Strategic planning level: the company’s strategy should be programmed into the ACMS system and this includes the strategic management of all its’ remote projects in terms of how to coordinate activities, mobilization/demobilization of HR, equipment, materials, transportation, and other logistics issues.
Project planning and process: automated design and pre-planning of site activities is essential as this should consider the risky variables’ of the environment, the remote site and project as mentioned above. There are differences in risk estimation between project parties, and this should be discussed during the design stage and the level of risk should be agreed by all parties thus embedded in the system and all contract documents.
The ACMS should provide flexible decision-making mechanisms and consider short and long-term partnering, and sharing information and management and communications tools with contractors and other project parties. This would enhance knowledge integration and help to foster innovative ideas that dramatically improve projects (Barlow 2000). During the construction stage, ACMS should provide precise daily control and follow-up procedures regarding issues such as remote examination of work quality, monitoring productivity of site workers, and calculation of material consumption rates. Some problems seem to be generated during the early stages of the project. These should be programmed as well. ACMS should enable the creation of new hypothesized cases, and the input of existing cases of emergency scenarios and the generation of possible intelligent solutions. ACMS would have an educational/training part that helps various project parties to learn about unique previous problems of the construction of remote projects and possible solutions. This would help staff overcoming present remote site’s problems. The system would also have an assessment section wherein it checks whether the contractor has the ability and knowledge to run the designated remote project. ACMS should provide transparency and it should consider how to reduce the negative impacts of the project on the environment and environmental parameters on project performance and processes.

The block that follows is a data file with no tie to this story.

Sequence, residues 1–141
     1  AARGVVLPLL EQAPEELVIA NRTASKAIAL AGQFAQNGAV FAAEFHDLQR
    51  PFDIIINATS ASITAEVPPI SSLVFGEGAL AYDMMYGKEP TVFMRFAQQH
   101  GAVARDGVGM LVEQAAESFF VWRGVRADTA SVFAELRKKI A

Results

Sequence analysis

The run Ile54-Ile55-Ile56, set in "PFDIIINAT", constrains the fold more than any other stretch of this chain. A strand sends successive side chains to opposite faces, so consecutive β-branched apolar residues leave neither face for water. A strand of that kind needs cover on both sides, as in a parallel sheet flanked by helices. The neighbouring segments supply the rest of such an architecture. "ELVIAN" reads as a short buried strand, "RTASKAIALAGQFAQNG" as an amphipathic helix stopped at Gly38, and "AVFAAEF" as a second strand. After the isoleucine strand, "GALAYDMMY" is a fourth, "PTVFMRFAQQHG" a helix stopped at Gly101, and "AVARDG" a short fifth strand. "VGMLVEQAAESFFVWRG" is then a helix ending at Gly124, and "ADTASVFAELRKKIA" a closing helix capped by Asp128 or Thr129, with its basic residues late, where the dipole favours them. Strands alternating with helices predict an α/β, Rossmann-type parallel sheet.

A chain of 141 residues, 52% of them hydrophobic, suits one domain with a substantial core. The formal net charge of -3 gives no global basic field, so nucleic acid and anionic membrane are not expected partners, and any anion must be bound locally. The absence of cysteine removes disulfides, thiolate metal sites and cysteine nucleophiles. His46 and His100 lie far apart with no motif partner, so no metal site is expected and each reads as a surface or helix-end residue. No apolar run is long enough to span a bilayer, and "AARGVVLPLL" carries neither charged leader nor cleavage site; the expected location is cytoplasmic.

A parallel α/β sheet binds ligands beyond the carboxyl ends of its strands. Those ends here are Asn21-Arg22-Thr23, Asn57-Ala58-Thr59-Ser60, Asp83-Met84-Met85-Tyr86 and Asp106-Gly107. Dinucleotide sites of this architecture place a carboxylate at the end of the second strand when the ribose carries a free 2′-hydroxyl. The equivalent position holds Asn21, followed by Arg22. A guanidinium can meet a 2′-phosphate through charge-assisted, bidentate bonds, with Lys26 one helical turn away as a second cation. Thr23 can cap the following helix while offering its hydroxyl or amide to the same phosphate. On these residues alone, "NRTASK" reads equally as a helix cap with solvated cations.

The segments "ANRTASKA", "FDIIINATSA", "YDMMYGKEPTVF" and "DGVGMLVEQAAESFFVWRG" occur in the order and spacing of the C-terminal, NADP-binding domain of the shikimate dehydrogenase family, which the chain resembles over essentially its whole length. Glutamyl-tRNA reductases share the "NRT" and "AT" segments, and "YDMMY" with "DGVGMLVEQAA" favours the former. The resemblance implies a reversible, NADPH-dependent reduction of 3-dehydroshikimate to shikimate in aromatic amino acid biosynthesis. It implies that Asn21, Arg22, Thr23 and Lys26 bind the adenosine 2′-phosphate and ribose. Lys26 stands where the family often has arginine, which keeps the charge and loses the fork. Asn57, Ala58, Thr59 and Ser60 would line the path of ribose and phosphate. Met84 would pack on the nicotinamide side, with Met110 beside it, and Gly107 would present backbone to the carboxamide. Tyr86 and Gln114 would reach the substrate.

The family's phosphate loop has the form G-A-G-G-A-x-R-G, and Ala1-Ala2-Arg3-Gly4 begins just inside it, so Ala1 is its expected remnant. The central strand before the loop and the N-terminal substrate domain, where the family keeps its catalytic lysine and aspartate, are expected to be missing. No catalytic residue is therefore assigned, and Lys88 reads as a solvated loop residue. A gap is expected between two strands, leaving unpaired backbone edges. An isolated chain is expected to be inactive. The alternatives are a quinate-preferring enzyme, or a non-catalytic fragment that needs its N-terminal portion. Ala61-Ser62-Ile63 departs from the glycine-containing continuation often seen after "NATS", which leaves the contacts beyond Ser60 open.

It is important to provide all the necessary information i.e. benchmarks/standards/measures on the system so it would be used by staff without the need to get the approval from the higher authority. However, financial, sustainable, and environmental aspects of the project should be considered in the design of the ACMS system.